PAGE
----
“The NHS study doesn’t show any supplemental effect of magnesium, only of magnesium-rich foods,” said Liu, who also contributed to the NHS study. “This suggests that there may be something else in those foods that works with magnesium to reduce diabetes risk. For now, I can only recommend foods that are rich in magnesium.”
Those foods include “whole grains, nuts, and green leafy vegetables,” according to the NHS study.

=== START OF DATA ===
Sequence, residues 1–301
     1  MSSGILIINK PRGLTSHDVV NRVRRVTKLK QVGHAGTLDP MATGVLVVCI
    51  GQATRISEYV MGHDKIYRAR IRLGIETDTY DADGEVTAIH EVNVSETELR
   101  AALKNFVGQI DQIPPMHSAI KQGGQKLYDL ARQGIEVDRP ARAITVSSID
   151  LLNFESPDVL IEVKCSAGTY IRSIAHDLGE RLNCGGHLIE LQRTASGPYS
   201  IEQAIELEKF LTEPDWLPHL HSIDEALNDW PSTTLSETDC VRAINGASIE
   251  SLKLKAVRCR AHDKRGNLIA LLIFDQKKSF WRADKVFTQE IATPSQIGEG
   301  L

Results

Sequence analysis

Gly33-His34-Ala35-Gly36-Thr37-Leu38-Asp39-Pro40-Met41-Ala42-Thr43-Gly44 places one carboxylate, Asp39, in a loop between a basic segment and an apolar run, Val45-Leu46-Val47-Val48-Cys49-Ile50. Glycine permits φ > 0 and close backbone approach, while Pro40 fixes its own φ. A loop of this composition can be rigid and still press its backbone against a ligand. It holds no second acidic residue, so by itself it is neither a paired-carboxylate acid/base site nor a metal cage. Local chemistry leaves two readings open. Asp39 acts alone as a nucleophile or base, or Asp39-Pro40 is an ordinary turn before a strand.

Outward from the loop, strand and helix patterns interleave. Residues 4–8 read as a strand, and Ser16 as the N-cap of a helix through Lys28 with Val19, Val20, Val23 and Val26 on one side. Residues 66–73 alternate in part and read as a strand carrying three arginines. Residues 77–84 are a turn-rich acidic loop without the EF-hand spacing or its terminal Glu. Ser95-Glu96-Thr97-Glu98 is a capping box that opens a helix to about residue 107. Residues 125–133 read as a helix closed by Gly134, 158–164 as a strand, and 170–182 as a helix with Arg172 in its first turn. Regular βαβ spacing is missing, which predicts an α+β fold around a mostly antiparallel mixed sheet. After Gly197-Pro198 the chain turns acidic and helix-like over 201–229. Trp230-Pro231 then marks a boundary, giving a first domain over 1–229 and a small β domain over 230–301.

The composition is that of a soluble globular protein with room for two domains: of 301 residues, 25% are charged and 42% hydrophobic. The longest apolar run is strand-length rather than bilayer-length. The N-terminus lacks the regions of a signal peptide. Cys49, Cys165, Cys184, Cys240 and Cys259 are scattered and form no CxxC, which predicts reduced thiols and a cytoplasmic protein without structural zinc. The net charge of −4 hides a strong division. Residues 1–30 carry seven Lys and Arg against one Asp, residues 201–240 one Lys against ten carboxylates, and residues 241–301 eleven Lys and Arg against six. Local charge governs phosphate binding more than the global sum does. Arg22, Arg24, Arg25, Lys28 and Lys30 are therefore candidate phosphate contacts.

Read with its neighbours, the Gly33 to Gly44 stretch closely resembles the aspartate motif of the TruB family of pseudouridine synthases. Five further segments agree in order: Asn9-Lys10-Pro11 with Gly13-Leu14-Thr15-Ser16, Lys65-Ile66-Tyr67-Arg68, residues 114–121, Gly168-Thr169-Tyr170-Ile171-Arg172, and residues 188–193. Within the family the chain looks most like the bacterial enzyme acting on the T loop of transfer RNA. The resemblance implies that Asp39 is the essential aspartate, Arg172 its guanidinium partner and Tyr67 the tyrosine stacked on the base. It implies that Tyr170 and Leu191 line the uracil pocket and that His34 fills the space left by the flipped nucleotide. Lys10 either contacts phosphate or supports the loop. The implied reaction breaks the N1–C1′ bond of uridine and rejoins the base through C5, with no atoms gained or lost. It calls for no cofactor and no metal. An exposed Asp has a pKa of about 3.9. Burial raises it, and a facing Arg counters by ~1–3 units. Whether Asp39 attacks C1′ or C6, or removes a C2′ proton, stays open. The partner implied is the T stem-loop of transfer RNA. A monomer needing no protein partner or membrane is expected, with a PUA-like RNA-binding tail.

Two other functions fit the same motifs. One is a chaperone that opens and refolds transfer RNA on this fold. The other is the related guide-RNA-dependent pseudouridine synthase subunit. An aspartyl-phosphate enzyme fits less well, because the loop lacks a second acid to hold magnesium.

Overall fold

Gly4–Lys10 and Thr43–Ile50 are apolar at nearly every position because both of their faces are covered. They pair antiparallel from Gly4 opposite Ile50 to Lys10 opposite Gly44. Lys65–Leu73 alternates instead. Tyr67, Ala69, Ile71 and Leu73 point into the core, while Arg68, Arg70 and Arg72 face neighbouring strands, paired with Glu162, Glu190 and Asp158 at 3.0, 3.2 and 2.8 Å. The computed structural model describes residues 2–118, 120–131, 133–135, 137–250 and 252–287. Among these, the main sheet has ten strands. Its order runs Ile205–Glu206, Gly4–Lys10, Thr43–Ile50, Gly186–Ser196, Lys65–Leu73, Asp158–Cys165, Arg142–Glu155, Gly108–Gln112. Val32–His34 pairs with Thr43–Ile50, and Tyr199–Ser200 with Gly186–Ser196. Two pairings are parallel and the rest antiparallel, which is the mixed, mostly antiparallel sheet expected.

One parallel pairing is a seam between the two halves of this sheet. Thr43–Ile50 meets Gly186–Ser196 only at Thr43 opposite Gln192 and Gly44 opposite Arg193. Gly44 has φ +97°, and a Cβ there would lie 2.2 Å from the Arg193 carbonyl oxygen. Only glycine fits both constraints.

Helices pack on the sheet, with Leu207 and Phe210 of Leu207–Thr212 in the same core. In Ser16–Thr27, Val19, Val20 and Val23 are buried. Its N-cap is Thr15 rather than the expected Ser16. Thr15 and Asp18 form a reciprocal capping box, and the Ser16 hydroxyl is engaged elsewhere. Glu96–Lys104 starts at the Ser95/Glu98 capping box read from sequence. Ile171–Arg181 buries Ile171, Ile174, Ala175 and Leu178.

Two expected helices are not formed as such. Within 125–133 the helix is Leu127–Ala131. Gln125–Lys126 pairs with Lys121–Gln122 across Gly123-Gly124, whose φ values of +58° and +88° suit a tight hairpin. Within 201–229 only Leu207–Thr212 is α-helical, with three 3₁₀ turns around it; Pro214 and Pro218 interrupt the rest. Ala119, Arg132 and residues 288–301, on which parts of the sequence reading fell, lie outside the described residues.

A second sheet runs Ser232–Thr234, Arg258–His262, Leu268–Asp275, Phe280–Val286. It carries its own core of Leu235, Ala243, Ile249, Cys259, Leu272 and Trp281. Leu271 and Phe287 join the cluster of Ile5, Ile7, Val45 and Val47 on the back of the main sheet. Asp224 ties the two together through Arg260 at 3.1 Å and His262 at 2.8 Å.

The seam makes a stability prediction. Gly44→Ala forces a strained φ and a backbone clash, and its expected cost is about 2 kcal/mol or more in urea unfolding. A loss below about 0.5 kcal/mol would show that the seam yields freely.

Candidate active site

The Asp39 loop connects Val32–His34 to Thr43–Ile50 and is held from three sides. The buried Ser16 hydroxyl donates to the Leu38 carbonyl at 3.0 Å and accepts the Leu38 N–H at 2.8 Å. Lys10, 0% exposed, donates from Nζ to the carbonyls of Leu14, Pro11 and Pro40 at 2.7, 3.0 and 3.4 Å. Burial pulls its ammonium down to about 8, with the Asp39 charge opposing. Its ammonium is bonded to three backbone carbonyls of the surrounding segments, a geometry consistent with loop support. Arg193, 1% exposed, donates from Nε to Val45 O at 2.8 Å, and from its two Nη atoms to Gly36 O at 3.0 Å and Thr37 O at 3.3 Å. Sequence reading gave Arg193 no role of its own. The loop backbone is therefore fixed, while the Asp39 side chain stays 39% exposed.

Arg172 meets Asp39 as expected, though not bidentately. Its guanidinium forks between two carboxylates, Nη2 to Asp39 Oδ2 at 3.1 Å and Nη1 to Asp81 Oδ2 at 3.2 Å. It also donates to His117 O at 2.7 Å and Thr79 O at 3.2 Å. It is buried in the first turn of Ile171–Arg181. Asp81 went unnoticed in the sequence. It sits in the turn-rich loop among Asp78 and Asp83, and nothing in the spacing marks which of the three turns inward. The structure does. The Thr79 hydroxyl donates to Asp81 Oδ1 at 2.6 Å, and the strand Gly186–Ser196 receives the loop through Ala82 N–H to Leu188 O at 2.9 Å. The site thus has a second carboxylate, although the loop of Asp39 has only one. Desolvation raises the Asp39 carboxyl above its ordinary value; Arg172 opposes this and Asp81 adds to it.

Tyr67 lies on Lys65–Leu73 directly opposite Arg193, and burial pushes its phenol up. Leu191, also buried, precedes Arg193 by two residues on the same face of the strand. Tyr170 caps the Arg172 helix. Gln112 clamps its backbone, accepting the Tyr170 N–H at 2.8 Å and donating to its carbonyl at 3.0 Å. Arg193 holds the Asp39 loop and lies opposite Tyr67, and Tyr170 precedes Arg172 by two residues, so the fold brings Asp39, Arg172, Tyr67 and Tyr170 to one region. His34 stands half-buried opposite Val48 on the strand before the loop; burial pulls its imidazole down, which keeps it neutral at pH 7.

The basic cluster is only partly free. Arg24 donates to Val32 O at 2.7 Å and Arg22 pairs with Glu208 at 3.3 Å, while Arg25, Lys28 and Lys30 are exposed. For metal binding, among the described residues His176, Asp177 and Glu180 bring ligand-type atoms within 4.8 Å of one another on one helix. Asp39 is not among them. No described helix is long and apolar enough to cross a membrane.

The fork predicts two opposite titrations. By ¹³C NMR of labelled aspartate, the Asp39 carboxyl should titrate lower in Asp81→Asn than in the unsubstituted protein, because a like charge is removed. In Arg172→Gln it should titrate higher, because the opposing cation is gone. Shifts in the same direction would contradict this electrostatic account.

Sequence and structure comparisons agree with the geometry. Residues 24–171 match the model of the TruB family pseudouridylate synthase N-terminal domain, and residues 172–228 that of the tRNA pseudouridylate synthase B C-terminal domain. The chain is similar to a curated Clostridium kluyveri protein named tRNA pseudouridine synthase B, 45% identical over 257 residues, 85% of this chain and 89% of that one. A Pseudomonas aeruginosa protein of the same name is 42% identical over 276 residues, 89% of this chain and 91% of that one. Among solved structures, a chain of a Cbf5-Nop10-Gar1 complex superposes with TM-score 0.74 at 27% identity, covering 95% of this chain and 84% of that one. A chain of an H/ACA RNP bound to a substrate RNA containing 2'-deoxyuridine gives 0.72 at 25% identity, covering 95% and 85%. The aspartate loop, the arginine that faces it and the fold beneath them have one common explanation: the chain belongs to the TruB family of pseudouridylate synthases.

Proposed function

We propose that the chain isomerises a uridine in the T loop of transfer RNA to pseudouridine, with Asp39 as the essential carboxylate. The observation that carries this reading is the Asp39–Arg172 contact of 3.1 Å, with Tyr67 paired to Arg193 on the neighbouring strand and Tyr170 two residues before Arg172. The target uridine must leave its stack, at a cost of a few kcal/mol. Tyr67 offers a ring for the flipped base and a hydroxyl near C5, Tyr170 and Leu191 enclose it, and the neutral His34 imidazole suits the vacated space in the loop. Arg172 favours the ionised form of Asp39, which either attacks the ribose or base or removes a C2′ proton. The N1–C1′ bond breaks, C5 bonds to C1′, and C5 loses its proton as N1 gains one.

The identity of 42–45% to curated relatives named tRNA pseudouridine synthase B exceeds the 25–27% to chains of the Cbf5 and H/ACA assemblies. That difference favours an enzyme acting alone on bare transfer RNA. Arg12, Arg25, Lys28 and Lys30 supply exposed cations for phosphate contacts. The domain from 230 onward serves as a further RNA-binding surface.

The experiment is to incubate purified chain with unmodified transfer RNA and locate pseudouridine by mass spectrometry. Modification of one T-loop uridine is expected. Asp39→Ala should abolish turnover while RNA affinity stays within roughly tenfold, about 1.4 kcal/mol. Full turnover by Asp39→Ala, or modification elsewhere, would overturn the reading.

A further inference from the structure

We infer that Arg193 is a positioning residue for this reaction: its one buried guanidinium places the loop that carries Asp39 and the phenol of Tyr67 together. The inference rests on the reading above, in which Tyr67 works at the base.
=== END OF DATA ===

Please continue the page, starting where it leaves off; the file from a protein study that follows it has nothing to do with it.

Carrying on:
Hu and Liu both said that there should be more experimental research performed to better assess the effects of magnesium and magnesium supplements on type II diabetes development.
Liu said that magnesium has not been the only substance found to lower the risk of type II diabetes among overweight women.
“For several other factors we have looked at, like dietary fibers, we have also seen this type of phenomenon,” he said. “There’s a theory going around that these people are more susceptible to dietary factors.”
—Staff writer Alan J. Tabak can be reached at firstname.lastname@example.org.